Trapped in the Walled Garden

This evening I have been quietly working out what it would cost to leave the WordPress walled garden, and go it alone – host my own instance on some webspace somewhere else.

The attraction of a hosted blog is of course that everything is done for you – the domain name, the storage, the web server configuration, the certificate signing (https), and so on. You don’t have to look after any of it yourself – hell, I don’t think most people posting to blogs at wordpress.com even realise there’s a webserver, a database, and a (heavily modified) installation of WordPress behind their words.

There’s the whole “community” aspect to consider too. By living within the WordPress garden, my posts are discoverable by everybody else in the garden through the native “Reader” interface. If I leave, I lose that entirely.

Despite the obvious costs of walking away, I have to admit I’m still tempted. Even though the cheapest hosting services are more expensive than the native WordPress options, it’s still tempting – because of one word – ownership.

As we have seen in recent days with Tumblr, a shoe could come down one day, and change the rules that govern the existence of our words on the internet. If I choose to walk away from a hosted blogging service, am I really taking ownership though? I still won’t own or control the hardware – I still won’t own or control the connection between the hardware and the wider internet. I’ll just have moved the goal-posts a little closer to me – I won’t own them, or the ground they are planted in.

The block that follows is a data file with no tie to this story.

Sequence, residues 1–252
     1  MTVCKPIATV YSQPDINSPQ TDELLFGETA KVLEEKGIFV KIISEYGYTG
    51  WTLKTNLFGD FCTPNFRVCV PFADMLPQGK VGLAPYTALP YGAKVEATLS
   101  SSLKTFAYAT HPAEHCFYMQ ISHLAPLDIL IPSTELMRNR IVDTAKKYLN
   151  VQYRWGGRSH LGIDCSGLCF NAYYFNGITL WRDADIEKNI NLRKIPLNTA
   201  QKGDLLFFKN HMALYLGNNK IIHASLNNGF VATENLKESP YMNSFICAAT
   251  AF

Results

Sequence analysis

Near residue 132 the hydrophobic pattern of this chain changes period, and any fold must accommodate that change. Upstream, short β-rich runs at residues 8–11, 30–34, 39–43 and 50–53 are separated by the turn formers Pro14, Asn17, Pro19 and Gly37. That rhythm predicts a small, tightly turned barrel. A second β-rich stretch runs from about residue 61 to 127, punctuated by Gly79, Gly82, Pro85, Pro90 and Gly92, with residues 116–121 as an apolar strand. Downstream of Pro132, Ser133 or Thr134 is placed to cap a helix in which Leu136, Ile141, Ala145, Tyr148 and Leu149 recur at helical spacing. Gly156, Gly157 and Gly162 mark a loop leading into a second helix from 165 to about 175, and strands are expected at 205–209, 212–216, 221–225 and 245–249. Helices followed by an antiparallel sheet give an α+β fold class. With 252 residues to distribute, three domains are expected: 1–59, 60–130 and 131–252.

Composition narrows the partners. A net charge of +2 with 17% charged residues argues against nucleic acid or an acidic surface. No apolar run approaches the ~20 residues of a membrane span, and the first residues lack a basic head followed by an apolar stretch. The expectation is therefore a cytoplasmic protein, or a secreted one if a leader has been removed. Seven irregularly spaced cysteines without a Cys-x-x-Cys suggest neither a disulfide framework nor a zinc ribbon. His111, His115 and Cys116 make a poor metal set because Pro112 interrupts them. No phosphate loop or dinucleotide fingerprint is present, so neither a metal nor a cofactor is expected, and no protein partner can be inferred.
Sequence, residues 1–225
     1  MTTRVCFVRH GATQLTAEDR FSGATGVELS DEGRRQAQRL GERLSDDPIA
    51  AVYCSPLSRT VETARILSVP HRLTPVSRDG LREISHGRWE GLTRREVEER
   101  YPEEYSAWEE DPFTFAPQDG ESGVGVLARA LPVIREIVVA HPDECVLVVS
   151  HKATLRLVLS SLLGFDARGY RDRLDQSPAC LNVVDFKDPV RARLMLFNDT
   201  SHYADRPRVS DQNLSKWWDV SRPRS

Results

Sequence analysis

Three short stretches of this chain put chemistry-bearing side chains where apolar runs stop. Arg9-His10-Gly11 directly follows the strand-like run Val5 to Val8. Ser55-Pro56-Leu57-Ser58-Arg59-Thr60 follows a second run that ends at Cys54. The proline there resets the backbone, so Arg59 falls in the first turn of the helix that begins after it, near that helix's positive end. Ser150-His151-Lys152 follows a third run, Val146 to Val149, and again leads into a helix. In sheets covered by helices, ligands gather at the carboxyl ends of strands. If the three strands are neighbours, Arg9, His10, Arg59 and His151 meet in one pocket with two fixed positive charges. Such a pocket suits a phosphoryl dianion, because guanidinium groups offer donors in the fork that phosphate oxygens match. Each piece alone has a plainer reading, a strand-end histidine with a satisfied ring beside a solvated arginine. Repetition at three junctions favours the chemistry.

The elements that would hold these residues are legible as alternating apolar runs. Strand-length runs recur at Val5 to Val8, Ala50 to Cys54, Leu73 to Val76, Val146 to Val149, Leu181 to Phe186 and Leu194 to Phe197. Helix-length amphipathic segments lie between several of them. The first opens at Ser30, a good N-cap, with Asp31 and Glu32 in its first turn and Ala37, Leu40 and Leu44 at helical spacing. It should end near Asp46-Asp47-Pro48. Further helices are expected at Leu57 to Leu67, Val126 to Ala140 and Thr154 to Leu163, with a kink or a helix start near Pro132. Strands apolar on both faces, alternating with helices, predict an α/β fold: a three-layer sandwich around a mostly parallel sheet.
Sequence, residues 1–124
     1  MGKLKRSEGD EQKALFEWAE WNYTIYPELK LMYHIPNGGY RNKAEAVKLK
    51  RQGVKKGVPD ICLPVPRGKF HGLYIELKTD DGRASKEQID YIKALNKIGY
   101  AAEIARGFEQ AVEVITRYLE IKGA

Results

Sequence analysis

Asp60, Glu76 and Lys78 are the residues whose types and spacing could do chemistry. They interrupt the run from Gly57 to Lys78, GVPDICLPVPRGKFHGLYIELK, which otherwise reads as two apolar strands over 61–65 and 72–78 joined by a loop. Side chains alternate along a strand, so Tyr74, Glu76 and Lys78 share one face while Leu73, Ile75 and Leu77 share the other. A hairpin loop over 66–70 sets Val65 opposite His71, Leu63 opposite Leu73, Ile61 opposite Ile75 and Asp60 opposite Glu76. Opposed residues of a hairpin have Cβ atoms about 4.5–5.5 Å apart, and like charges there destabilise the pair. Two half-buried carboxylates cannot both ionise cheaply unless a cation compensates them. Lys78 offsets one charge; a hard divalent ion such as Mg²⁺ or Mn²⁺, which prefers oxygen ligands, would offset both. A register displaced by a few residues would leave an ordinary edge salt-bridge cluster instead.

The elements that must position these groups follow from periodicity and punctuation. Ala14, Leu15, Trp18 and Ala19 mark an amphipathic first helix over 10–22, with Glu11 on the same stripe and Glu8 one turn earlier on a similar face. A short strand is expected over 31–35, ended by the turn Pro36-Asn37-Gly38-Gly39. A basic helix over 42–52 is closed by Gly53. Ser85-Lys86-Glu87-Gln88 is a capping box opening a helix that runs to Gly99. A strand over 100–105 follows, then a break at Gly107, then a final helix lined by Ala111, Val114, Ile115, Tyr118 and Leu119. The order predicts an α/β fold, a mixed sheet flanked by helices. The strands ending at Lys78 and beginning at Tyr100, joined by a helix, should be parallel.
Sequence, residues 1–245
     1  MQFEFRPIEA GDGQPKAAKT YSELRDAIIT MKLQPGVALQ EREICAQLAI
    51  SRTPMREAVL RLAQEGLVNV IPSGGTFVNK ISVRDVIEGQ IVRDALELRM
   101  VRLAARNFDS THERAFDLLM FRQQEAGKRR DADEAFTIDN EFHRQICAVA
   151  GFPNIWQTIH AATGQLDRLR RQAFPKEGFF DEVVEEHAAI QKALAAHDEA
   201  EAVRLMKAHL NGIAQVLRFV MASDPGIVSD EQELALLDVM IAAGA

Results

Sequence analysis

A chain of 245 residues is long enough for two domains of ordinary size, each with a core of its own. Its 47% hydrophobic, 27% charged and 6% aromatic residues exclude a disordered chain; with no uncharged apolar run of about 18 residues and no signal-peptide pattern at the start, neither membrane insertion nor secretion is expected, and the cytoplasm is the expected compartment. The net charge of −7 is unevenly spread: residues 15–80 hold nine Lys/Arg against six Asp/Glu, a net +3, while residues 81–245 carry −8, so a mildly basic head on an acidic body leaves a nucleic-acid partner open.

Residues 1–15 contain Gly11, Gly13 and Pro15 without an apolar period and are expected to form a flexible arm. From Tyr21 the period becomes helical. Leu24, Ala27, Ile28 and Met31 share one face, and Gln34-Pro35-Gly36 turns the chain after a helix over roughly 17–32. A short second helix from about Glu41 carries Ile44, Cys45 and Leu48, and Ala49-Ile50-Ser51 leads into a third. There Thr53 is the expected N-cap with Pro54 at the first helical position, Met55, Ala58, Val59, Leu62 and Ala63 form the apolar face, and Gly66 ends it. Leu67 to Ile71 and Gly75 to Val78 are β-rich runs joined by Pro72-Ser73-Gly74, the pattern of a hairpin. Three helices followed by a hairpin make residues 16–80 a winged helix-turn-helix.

Now it sounds like I’m talking myself back out of it – and maybe I am. I suppose in many ways I’m highlighting the problem – although we may rail against “the man” on the internet from time to time, if we want to share our stories with the wider world, we’re always going to have to agree to a certain number of terms and conditions – to take advantage of the many and various platforms that connect us, we will always have to play by somebody else’s rules, and we will never have that much influence over them.

Maybe I just need to stop thinking so much.

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